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What is Fluorine

Denoted by the chemical symbol F, fluorine (pronounced as FLU-eh-reen) is a highly reactive nonmetal existing naturally in the state of gas. When it gains an electron from another atom in a reaction, it forms fluoride whose ion symbol is F– [11].It belongs to the family of halogens, reacting with almost all metals, having a lesser electron affinity than chlorine. It exists as a diatomic molecule, represented by the molecular formula F2.

What are its Common Isotopes

It has 11 isotopes with mass numbers ranging from 15 to 25 of which only F-19 has a stable life.

Where is the Element Commonly Found

The thirteenth most abundant element in earth’s crust, it is associated with several mineral sources like fluorspar, cryolite, and fluorite present in the mining areas of Mexico, China, and Western Europe [1].

Fluorine Crystal Rock


Origin of its Name: Its name is derived from the Latin word ‘flure’ that means to flow.

Who Discovered it: Henri Moissan

When, Where, and How was the Element Discovered

Many chemists had speculated the presence of an unknown element having properties similar to chlorine in metal fluorides. In fact, Humphry Davy, a Cornish chemist, while trying to isolate it from hydrochloric acid, fell ill.

In 1869, the British chemist George Gore passed an electric current through liquid hydrogen fluoride (HF) and produced a highly reactive gas. Despite knowing it to be the suspected element, he could not prove it. It was only in 1886 when Moissan extracted it through electrolysis of potassium bifluoride dissolved in liquid HF and became the founder.

Fluorine Element


Atomic number 9 [1]
CAS number 7782-41-4 [1]
Position in the periodic table [1] Group Period Block
17 2 p

Fluorine Electron (Lewis) Dot Diagram

Classification, Properties and Characteristics of Fluorine

General Properties

Relative/Average atomic mass 18.998 [1]
Atomic mass/weight 18.998 atomic mass units [5]
Molar mass/Molecular weight 37.9968064± 0.0000010 g/mol [6]
Mass number 19

Physical Properties

Color/physical appearance Pale yellow-green [1]
Texture Unknown [13]
Odor Pungent [3]
Melting point/freezing point -219.67°C (363.41°F) [1]
Boiling point -188.11°C (306.6°F)  [1]
Density 0.001553 g/cm3 [1]
Hardness Unknown [13]
Malleability No [14]
Standard/Physical state of matter at room temperature (solid/liquid/gas) Gas [1]
Solubility Highly soluble in water [4]
Electrical conductivity Unknown [3]
Thermal conductivity 0.0277 Wm-1K-1 [3]

Chemical Properties

Flammability Flammable [3]
Oxidation states (numbers) -1 [1]

Atomic Data of Fluorine (Element 19)

Fluorine Orbital (Energy) Level Diagram

Valence electrons 7 [8]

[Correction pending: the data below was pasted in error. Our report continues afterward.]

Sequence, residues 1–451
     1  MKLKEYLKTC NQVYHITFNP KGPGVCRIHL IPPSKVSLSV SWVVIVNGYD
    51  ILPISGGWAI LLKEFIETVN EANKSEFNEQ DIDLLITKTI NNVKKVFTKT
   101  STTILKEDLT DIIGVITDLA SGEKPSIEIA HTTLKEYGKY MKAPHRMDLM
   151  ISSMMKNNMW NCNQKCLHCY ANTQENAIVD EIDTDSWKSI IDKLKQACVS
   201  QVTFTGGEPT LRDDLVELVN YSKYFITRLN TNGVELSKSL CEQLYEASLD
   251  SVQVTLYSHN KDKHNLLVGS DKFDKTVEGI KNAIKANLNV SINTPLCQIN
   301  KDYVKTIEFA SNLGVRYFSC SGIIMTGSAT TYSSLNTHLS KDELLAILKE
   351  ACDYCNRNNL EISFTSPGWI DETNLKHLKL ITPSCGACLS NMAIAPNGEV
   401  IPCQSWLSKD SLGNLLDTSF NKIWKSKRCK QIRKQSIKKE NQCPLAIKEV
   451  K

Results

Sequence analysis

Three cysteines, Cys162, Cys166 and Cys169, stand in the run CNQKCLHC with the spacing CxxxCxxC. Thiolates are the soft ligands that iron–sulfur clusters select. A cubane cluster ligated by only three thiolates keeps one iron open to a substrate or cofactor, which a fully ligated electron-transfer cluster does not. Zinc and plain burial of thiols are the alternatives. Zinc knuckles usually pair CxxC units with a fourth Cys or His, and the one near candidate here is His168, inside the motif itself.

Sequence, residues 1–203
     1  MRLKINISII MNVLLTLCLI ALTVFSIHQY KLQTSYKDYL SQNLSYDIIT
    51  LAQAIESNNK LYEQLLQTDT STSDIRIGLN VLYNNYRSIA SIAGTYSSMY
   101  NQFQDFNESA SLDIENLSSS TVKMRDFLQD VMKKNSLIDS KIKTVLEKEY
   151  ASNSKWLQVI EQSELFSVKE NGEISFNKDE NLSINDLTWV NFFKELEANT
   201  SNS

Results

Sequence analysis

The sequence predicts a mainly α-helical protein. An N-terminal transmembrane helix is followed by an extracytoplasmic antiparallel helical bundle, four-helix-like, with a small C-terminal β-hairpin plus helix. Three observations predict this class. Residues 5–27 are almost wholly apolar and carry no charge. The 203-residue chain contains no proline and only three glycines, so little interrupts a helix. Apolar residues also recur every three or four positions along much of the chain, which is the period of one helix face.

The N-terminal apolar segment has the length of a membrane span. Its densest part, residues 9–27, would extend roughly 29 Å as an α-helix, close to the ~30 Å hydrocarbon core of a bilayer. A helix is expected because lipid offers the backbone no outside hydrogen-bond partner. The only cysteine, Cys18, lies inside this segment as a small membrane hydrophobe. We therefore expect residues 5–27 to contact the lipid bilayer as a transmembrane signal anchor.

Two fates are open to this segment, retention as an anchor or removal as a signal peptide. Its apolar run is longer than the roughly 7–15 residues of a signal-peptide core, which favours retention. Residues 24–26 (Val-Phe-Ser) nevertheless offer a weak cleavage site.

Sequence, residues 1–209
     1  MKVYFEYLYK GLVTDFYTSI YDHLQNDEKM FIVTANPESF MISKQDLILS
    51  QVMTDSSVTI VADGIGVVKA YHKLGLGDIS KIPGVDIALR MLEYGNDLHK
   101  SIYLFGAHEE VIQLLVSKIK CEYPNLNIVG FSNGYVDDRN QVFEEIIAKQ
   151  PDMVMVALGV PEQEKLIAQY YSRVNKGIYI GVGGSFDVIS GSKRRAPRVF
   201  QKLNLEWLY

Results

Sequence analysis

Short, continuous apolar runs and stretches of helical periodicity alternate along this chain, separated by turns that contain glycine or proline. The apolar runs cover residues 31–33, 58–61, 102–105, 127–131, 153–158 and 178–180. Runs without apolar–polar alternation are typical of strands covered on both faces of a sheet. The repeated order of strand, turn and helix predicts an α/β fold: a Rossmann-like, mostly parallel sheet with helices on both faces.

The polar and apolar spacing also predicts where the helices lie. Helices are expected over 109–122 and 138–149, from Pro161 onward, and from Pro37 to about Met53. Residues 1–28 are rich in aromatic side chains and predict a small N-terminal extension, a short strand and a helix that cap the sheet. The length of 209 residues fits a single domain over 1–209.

Electron configuration (noble gas configuration) [He] 2s22p5[1]
Atomic structure [8]
– Number of Electrons 9
– Number of Neutrons 10
– Number of Protons 9
Radius of atom
– Atomic radius 1.47 Å [1]
– Covalent radius 0.60 Å [1]
Electronegativity 3.98 [10]
Ion charge +7 [9]
Ionization energy [1]


1st 2nd 3rd 4th 5th 6th 7th
1681.045 3374.17 6050.441 8407.713 11022.755 15164.128 17867.734

Fluorine Atomic Structure (Bohr Model Diagram)

What is it Commonly Used for

  • It is useful in the preparation of uranium hexafluoride to separate uranium isotopes in nuclear power plants.
  • The diatomic gas is added to poly(tetrafluoroethene) and high-temperature plastics required in the making of cable insulations, water bottles, plumber’s tape, frying pans, and water-proof fabric membranes for shoes and clothing.
  • It condenses into a bright yellow liquid that is used as a cryogenic agent [12].
  • Fluorine is the most important ingredient in toothpastes and mouthwashes as it helps in removing dental plaques and preventing cavity formation. It is also added to public drinking water in many countries for the same reason [2].
  • Rubbers with high fluorine content have a greater strength and resistance to wear and tear that make them effective as sealing components in engines of aircrafts, cars, and rockets [16].
  • Polymers of F-containing monomers added to resin paints and coatings are applied on surfaces of steel plates, pots, kettles, and some heat-resistant machine parts [17].
  • Lithium-fluorine batteries are useful for their higher durability [15].
  • Fluorine doped tin oxide coated glass slides find application in the manufacture of optic fibers and electronics.
  • Its use in absorption dating aids in detecting the amount of time an object has been lying underground such as ancient fossils [18].
  • F-containing compounds are effective markers in magnetic resonance imaging applications to detect any abnormality in the body [7].

Does the Element Have Any Toxic Hazards

Prolonged exposure to the skin and eyes can cause burns and irritation. When accidentally inhaled, it can affect the lungs. Repeated exposure may have severe health effects like diarrhea, constipation, nosebleeds, and kidney and liver damage [19].

Fluorine Gas

Interesting Facts

  • It is one of the few elements to form a layer on diamonds [14].
  • F is the most reactive and electronegative of all elements [20].

Fluorine Cost

Pure fluorine is priced somewhere between $190 and $200 per 100 grams.



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